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Latest Vision News

May is Healthy Vision Month

May is Healthy Vision Month

What does that mean for you? It means that now is the time to schedule a comprehensive eye  exam. 

While these are one of the exams we may often let fall by the wayside, they are extremely important to maintain our eye health. Comprehensive eye exams serve several purposes. During these exams, pupils, the circular black area in the center of the eye where light enters, are widened with eye drops or viewed without dilation through a special camera. This allows your Eye Doctor to check for vision problems and eye diseases, verify what stage of diseases your eyes may be in, and helps determine if you need glasses, contacts or other treatments. 

Comprehensive eye exams are crucial for all ages, here’s why: 

Pediatric exams test for visual acuity, lazy eye, color vision, ocular health, and more. These are extremely important to test for the school years ahead. 

For older children and teenagers, myopia (nearsightedness) is one of the biggest concerns that comprehensive eye exams detect. Myopia affects the eye’s ability to see distant images clearly. It is important to identify and treat early with glasses or contacts as children and teens begin to learn in larger spaces, play sports, and drive. 

Adult exams are recommended at least every two years, or as recommended by your eye care specialist. Exams for adults are necessary to catch eye conditions that can cause vision loss and even lead to blindness. Some of these conditions are cataracts, diabetic retinopathy, glaucoma, and age-related macular degeneration. 

There are several other conditions that comprehensive eye exams can expose that may not be found without a visit to your optometrist. 

Outside of eye exams, here are 5 ways you can help protect your vision: 

  1. Healthy eating. You know this! Healthy eating helps every part of your body. For your eyes, make sure to add dark, leafy greens and seafood that is high in omega-3 fatty acids to your plate. A great excuse to treat yourself to sushi! We’re adding a spicy sake maki roll to our cart… for delivery.
  2. Protective eyewear. Whether you’re chopping wood for the bonfire pit, mowing the lawn, painting your bedroom walls, or riding your motorcycle around town, protective eyewear is key. Blue-light protection glasses should also be considered to protect your eyes from all the time spent in front of computer screens.
  3. Sunglasses. Much like protective eyewear, sunglasses help protect your eyes from ultraviolet radiation delivered by sun. Not all sunglasses provide the same level of protection. Let us help you pick the best pair!
  4. Clean hands. Wash your hands before putting your contacts in and before taking your contacts out, simply to avoid infection.
  5. Stop smoking. Smoking is known to cause several diseases, but it can also lead to vision loss. It can increase the risk of age-related macular degeneration, cataracts, and more. Mark your calendar for your comprehensive eye exam and mark it as the day to stop smoking. 

Happy healthy vision month! Get your appointment in the books with us today.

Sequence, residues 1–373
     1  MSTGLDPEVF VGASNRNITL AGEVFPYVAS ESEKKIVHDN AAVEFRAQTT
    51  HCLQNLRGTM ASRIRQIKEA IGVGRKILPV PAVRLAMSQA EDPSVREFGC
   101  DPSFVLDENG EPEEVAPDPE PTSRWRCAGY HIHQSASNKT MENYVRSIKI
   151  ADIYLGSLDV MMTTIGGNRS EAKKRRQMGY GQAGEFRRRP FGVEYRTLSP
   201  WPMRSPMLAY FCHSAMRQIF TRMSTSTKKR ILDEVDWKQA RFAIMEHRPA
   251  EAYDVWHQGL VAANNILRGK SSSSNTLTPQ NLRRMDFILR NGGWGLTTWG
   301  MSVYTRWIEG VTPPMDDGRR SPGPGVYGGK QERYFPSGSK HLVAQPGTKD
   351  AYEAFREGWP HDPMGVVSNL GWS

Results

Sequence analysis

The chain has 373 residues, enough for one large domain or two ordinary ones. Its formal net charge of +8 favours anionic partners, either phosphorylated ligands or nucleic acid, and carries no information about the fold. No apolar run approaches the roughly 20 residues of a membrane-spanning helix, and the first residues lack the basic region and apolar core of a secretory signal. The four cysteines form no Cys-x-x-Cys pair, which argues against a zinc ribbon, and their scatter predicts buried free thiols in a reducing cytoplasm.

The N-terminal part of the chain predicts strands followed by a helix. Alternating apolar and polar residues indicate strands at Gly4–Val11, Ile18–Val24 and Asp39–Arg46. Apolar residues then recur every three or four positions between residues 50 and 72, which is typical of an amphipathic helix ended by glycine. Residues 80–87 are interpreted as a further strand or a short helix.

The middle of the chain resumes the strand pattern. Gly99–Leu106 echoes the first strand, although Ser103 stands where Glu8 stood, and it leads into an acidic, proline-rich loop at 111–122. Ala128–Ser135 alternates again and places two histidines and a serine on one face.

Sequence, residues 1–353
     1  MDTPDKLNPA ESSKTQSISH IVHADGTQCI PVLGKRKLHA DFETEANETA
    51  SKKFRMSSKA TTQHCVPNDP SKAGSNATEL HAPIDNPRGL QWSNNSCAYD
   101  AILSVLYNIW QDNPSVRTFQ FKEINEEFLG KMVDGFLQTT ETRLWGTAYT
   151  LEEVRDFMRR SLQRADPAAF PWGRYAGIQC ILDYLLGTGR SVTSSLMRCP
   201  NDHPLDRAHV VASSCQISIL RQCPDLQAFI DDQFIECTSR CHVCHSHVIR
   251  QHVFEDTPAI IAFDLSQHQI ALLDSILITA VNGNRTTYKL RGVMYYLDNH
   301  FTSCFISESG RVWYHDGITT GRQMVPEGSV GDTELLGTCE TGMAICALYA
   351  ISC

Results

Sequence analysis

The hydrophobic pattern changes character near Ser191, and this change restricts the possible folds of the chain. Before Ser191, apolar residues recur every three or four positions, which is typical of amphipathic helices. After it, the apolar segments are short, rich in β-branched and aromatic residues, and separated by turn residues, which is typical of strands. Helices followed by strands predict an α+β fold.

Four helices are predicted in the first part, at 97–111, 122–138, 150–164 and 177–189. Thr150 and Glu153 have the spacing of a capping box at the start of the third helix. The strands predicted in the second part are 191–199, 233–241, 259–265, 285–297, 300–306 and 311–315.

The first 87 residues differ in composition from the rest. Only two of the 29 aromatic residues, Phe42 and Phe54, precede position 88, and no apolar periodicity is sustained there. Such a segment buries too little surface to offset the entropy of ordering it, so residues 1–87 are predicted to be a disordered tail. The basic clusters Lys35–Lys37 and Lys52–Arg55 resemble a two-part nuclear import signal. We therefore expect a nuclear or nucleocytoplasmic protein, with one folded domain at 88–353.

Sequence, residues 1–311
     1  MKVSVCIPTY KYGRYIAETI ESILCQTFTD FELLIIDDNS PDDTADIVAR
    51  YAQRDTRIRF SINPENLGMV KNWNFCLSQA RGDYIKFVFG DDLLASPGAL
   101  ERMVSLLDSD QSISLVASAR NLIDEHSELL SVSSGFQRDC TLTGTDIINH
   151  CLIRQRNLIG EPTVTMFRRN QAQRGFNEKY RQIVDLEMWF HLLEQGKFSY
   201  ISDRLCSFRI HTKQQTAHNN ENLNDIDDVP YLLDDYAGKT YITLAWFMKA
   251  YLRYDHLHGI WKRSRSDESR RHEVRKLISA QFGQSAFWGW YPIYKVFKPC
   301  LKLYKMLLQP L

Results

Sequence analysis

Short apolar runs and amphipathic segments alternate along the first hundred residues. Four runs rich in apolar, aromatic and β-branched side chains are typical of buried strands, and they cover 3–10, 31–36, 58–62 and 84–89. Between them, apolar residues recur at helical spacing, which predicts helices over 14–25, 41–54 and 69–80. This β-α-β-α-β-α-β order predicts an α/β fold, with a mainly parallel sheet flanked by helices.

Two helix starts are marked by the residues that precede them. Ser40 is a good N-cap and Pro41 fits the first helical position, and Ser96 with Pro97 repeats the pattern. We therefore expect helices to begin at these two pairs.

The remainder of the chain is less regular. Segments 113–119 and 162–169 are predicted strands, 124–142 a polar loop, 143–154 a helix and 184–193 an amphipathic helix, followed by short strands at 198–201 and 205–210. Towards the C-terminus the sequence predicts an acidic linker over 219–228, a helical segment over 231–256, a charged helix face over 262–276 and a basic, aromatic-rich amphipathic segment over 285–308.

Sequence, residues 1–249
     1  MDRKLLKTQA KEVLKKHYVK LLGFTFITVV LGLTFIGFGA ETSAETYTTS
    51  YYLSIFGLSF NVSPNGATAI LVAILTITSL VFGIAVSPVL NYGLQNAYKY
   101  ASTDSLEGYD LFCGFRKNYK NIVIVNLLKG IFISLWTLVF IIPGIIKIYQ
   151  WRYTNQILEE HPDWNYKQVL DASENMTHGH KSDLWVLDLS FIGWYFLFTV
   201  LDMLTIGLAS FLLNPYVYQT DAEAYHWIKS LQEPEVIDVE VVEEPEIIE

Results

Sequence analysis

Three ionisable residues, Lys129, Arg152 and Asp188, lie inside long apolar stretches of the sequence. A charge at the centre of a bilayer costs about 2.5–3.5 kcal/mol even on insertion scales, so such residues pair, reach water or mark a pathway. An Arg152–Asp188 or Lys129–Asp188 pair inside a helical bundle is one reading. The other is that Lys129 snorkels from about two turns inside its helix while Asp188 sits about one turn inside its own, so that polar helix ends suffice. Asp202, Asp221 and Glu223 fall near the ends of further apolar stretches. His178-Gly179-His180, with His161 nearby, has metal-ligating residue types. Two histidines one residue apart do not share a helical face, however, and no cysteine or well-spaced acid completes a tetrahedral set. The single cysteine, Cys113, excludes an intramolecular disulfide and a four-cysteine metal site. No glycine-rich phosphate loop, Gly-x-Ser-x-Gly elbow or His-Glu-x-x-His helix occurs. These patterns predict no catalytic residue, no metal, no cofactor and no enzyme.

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There are several treatable eye diseases that at their earliest onset have few or no visual symptoms. In fact, the three leading causes of legal blindness in the United States all start with almost no visual symptoms detectable by the person suffering from the disease. The three diseases are macular degeneration, glaucoma, and diabetic retinopathy. Each of these diseases gets more prevalent as people age. That is why the American Academy of Ophthalmology recommends regular eye exams at more frequent intervals as adults get older.

Macular Degeneration: The leading cause of legal blindness in the United States is a treatable but not curable disease. Early detection and treatment can significantly improve the long-term outcome. At the earliest stages, often when people are unaware that they have a problem, treating the disease with a very specific vitamin regimen called AREDS 2 can help. These vitamins have been shown to slow the progression of the disease and improve long-term outcomes. When the disease becomes more advanced there is the possibility of bleeding in the retina. If left untreated, that almost always results in severe visual loss. There now are several medications that when injected into the bleeding eye can arrest the bleeding and potentially improve vision.

Glaucoma: The second leading cause of legal blindness in the United States is often called "the silent thief of sight." With glaucoma, there is often severe damage to the optic nerve before a person recognizes he is having a problem. Usually by the time a person notices symptoms, 70% of the optic nerve is destroyed. As of now, once that damage has occurred it cannot be reversed. This makes early diagnosis absolutely critical to saving your sight. In most cases (but not all) early detection and treatment can preserve functional vision throughout your lifetime.

Diabetic Retinopathy: This is another leading cause of legal blindness that has no visual symptoms until the disease is in its advanced stages. Every diabetic should have an annual eye exam to check for signs of retinal disease. If detected and treated in its early stages, the disease can usually be controlled and the vision preserved.

As you can see, there are very strong reasons to have your eyes examined regularly - especially as we age - in order to keep good visual health and function throughout your lifetime.

 

Article contributed by Dr. Brian Wnorowski, M.D.

The content of this blog cannot be reproduced or duplicated without the express written consent of Eye IQ

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